From: Mikko Särelä (firstname.lastname@example.org)
Date: Tue Jan 17 2006 - 13:24:42 MST
On Tue, 17 Jan 2006, Phillip Huggan wrote:
> Where has computation ever produced intelligent behaviour? Unless you
> mean the type of intelligent behaviour that evolution has produced too.
> Surely that process can't be described as computation.
> A computer is one class of physical systems. Our brains are another.
> Surely you won't postulate that a synapse can occur using lego brains
> and lego neurotransmitters right? That is a question I've asked over
> and over again on this list and yet to receive a yes or no answer..
Neural networks are equivalent with Turing machines. Modern computers are
equivalent with Turing machines. Our brains run software that nobody thus
far has replicated with modern computers. Do you claim that if one did so,
the outcome would not act like a human mind and would not have
consciousness? (If it looks like a duck and quacks like a duck, what is
And yes, my answer to your question is yes.
A few decades ago biologists and philosophers had a big problem trying to
understand what life is. There were philosophical debates on life and what
it is. And there were people who were dead set that life could not happen
just because of some chemical reactions.
Nowadays we know better. Cells are self-replicating machines and basically
the whole concept of life is rather meaningless in scientific debate.
The materialists were right. It was the chemical reactions that cause
these small machines to have self-replicating and other properties.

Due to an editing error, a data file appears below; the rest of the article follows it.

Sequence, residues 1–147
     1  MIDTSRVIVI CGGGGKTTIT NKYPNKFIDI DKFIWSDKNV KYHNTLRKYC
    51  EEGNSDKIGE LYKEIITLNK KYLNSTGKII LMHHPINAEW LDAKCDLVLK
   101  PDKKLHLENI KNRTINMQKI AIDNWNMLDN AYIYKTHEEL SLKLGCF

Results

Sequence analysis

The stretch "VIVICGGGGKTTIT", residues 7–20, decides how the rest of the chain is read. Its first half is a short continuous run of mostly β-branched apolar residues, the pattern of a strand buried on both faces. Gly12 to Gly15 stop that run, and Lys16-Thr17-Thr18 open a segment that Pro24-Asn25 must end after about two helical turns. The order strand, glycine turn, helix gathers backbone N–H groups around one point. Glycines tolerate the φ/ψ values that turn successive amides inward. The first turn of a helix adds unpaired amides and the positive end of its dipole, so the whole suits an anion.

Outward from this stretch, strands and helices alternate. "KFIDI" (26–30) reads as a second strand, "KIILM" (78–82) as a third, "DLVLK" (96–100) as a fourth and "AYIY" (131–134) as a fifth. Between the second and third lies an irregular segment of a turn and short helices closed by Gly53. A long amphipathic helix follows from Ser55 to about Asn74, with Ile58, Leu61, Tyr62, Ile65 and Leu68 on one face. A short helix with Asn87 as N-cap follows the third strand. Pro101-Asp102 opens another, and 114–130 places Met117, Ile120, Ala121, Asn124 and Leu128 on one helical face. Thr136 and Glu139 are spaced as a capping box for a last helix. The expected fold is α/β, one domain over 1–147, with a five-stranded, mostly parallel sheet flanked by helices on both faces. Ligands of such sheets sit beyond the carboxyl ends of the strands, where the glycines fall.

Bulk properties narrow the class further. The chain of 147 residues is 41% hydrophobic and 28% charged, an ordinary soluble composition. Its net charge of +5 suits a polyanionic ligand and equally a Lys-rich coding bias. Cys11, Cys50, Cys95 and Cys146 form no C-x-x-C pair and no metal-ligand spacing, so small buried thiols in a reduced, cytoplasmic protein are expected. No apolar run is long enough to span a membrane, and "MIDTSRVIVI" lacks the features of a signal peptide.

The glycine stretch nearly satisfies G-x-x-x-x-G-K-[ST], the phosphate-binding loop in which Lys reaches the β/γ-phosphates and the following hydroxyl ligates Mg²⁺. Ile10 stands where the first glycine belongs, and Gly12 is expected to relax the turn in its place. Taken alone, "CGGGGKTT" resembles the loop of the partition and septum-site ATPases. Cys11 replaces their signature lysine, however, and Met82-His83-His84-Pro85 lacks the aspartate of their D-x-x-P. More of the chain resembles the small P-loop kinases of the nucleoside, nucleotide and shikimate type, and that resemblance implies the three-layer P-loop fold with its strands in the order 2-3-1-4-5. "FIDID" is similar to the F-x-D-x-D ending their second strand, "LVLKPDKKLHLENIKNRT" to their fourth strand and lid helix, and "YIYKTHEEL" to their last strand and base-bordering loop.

Same goes, I believe, for consciousness. Because we do not yet understand
how that happens, we hold that as an important question, but it may be
that in the final analysis it is not. It is the algorithms that compute
and estimate good actions considering the input it has that are important.
I would suggest, in case you haven't, to get a good look at what theory of
computing has to offer in understanding - well, theory of computation. And
I would not read only the basics, like different kinds of languages and
automata that exist and their properties. I would also take a good look at
theory of computational complexity, especially on concurrency. And while
you are at it, you could also get a basic understanding about neural
Good starting points are for example: M. Sipser, Introduction to the
Theory of Computation (PWS Publishing 1997) or H. Lewis and C.
Papadimitriou, Elements of the Theory of Computation (Prentice Hall 1998).
C. Papadimitriou: Computational Complexity, Addison-Wesley, 1994.
S. Haykin: "Neural Networks - a Comprehensive Foundation", 2nd edition,
-- Mikko Särelä http://thoughtsfromid.blogspot.com/ "Happiness is not a destination, but a way of travelling." Aristotle
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